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S. African women caught in a contradiction

By M. S. Prabhakara

CAPE TOWN, AUG. 11. National Women's Day, one of the 12 designated holidays in South Africa following the advent of democracy in April 1994, was observed on Thursday.

The day commemorates the march to the Union Buildings in Pretoria on that day in 1956 by about 20,000 women representing all sections of the South African people, to protest against the decision of the apartheid regime to extend the hated ``Pass Laws'' to cover African women and indeed demanding the repeal of the Pass Laws. The march was organised by the ANC Women's League and the Federation of South African Women. Contemporary photographs of the marchers dramatically bring out in the features of the marchers and the attires they wore the non-racial character of the march - yet another instance of the historic commitment of the liberation movement to non-racialism.

The marchers carried with them a petition bearing over 100,000 signatures which was to be handed over by a representative delegation to J. G. Strijdom, then Prime Minister, known for the assertion that in South Africa the white man would always remain the boss. Predictably, Strijdom did not meet the delegation.

A song composed for the occasion is now part of the folklore of the liberation movement. ``Now you have touched the women, Strijdom, you have touched a rock! You have dislodged a boulder, you will be crushed!''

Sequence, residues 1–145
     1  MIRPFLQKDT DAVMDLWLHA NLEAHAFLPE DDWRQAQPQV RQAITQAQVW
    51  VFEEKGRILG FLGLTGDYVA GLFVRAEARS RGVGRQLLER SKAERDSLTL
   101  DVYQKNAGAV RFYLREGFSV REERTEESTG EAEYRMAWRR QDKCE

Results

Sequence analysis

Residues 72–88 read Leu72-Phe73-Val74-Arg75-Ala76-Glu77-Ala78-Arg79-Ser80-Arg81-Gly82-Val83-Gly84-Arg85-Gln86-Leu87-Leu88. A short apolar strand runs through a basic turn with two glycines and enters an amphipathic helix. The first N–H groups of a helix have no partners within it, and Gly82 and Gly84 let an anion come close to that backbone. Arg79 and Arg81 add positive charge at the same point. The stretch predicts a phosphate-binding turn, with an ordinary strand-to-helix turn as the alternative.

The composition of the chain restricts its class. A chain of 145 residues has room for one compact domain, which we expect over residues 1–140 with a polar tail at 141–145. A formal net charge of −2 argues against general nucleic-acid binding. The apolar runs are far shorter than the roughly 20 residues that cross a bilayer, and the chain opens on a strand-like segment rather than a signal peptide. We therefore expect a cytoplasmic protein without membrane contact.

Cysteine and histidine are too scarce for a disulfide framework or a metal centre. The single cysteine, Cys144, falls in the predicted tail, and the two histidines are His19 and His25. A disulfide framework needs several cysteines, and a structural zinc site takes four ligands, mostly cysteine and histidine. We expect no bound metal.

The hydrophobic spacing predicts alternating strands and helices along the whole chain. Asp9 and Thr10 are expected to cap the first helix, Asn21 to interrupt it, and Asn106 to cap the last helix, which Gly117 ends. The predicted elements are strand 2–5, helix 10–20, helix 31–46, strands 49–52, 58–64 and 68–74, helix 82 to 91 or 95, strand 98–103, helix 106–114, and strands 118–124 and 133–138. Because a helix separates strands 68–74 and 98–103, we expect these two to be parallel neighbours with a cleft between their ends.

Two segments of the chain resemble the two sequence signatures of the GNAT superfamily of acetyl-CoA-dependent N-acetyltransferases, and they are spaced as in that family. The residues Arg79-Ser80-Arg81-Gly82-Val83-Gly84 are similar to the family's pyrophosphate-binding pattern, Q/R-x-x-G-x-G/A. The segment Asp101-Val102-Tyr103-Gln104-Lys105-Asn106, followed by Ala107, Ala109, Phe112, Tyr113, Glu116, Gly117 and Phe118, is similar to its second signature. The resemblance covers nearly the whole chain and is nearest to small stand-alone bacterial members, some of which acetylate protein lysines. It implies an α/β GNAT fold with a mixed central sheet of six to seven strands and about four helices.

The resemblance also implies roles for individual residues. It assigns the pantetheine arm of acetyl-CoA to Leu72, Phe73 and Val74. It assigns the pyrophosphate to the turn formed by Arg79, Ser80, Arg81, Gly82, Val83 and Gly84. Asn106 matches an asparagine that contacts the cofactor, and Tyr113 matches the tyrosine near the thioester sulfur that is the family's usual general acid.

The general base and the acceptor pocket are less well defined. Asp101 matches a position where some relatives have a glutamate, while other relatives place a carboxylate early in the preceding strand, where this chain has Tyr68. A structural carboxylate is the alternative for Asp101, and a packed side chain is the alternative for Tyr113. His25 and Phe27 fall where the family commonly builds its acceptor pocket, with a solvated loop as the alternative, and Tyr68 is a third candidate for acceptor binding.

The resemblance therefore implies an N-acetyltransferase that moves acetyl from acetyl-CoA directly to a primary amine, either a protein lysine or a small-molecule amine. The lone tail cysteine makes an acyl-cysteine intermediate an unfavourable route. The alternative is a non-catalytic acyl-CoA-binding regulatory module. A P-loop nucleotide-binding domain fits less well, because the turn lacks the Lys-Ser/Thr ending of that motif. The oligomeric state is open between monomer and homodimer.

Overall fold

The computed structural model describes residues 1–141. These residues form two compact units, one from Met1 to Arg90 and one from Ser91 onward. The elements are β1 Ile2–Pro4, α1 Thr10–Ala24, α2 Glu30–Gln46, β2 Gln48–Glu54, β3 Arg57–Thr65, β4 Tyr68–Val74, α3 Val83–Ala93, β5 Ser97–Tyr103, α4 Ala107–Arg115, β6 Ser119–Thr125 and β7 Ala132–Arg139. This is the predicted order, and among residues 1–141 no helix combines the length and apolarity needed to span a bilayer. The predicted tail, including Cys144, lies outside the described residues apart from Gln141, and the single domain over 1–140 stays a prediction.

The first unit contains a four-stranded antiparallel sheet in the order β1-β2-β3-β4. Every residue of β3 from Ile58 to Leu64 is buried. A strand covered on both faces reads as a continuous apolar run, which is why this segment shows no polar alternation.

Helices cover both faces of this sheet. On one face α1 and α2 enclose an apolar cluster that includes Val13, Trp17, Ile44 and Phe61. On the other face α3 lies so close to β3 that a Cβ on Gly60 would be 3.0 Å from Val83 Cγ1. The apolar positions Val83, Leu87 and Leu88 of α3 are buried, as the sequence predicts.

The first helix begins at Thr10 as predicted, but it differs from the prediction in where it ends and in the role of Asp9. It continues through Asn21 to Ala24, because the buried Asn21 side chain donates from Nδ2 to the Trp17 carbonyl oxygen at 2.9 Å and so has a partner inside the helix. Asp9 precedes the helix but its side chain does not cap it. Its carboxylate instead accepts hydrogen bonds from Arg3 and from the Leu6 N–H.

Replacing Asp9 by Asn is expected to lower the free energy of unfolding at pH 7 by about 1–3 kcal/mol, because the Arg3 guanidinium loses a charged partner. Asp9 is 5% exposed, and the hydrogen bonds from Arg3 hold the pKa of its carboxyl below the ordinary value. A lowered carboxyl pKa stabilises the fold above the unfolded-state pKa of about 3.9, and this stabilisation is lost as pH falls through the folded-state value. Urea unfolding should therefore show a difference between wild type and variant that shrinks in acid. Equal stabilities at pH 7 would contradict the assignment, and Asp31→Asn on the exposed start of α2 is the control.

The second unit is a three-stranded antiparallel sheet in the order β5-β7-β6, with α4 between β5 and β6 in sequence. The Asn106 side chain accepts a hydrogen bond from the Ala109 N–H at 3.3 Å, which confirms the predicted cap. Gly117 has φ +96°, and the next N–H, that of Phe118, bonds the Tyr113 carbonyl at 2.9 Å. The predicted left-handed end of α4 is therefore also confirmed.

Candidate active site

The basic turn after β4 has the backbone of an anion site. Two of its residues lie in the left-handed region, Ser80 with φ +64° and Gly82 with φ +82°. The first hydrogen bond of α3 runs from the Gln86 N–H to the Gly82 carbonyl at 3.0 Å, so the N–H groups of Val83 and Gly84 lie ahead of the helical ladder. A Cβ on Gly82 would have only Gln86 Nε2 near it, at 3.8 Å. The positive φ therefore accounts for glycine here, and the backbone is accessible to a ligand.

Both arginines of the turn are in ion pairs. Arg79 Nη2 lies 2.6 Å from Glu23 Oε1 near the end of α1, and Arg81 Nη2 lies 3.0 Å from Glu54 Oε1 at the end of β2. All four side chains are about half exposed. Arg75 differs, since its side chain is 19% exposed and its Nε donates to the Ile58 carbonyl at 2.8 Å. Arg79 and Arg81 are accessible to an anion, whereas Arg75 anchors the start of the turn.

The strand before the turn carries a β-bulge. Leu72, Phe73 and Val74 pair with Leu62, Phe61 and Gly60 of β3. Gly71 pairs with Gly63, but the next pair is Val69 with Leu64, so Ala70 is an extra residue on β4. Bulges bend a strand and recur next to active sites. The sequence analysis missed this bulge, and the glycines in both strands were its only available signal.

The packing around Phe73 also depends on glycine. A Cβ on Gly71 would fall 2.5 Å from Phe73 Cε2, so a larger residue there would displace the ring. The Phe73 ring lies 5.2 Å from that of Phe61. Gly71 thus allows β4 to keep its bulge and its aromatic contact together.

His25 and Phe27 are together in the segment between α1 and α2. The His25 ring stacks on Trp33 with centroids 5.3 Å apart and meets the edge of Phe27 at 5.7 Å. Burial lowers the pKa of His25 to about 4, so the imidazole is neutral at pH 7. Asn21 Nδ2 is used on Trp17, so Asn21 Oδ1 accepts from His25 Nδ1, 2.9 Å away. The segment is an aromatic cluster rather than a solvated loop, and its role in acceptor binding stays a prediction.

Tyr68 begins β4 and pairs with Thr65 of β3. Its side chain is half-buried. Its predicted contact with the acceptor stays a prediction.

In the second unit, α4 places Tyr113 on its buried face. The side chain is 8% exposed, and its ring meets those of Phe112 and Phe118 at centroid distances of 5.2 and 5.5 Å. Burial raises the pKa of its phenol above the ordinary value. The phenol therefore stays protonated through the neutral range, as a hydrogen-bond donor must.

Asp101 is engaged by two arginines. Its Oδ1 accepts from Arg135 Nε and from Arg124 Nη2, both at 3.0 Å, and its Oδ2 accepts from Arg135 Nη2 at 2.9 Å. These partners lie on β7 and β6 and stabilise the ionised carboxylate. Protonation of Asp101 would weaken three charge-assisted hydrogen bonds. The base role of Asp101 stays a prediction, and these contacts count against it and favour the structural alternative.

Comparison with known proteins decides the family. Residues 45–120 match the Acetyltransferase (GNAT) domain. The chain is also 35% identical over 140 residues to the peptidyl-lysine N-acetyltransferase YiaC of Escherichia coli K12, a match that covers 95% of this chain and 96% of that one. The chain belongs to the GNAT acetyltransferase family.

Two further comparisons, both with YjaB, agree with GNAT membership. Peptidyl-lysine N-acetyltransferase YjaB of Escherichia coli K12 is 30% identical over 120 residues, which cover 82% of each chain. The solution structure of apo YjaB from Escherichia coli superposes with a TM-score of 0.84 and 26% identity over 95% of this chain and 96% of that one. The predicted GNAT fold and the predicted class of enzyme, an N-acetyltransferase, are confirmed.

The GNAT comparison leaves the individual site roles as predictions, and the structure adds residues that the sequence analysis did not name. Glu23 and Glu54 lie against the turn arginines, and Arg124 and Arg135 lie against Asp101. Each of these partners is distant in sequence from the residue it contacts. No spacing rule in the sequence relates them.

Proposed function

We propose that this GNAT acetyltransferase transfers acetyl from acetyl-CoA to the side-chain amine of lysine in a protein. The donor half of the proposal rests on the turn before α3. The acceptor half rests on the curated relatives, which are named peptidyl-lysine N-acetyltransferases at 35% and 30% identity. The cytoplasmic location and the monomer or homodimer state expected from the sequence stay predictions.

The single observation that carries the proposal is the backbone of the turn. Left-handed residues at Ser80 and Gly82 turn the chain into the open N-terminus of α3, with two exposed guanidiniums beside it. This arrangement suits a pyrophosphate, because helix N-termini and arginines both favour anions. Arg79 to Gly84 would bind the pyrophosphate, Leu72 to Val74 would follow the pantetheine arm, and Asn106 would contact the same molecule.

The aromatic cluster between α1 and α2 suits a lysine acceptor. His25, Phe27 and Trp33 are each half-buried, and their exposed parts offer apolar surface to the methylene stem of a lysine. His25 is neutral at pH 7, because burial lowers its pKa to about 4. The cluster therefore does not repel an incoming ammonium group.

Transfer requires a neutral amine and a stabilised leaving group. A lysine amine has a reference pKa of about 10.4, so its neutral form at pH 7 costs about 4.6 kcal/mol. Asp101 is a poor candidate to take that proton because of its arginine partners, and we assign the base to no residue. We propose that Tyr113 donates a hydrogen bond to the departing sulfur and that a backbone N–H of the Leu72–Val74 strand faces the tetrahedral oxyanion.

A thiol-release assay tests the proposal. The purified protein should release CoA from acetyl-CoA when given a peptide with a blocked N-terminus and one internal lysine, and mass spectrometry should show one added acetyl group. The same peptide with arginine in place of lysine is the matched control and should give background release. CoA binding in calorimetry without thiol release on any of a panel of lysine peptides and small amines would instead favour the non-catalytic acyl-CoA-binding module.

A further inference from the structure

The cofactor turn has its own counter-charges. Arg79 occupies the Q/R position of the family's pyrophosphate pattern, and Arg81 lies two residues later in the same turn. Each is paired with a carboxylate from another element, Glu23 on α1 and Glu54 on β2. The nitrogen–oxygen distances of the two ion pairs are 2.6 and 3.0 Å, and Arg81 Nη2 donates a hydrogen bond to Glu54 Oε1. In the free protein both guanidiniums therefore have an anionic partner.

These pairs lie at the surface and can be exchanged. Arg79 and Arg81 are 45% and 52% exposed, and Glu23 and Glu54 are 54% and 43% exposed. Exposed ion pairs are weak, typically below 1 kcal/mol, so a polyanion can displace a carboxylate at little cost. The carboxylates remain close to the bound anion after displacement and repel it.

Coinciding with the observance of the Day, a sculpture in bronze titled The Captive by an Indian artist, Amarnath Sehgal, first designed for the U.N. Conference on Sanctions against South Africa (Paris, 1986), is being installed on Robben Island.

South African women, always among the most militant sections of the population, have come a long way since then.

The explicitly non-sexist Constitution of democratic South Africa as well as other structures emanating from it take cognizance of the historic disadvantages that women have suffered and provide many mandatory safeguards against such discrimination.

Politically, women occupy a very significant space across the political spectrum. Nine of the 27 members of the Cabinet, and seven of the 13 Deputy Ministers and one of the nine provincial Premiers are women. So are the Speaker and the Deputy Speaker of the National Assembly, and the Chairperson of the National Council of Provinces. Women are indeed prominent in the academia and the media, indeed in all aspects of economic and social life. As against these advances at the superstructural level, much remains to be done to improve the lot of the majority of women, in particular African women working in rural and semi- urban areas. Wage disparities remain, though these are being addressed by organised labour.

A most disturbing contradiction in the status of women is the way even the most progressive legislation has actually impacted on their status. Nowhere is this more evident than in the debates between the so-called moral majority opposed to many of the progressive pieces of legislation and judicial rulings arising from them, as well as in the provisions of the Constitution, and those who argue for ``tolerance and freedom of choice'' - be it on the issue of gay rights, abortion on demand, decriminalisation of prostitution and similar issues. The fact is that both sides are equally trapped in the orthodoxy of the market, which is finally calling the shots.

Thus, the decriminalisation of prostitution may provide an illusion of freedom of choice, but hardly touched the criminal nexus between the woman walking the streets and the vast and powerful international criminal network that controls the industry worldwide.

It is not for nothing that prostitution, pornography and other areas of sex industry worldwide are now being viewed by the international banks quite favourably as areas for profitable investment, and by the governments as yet another source of revenue.

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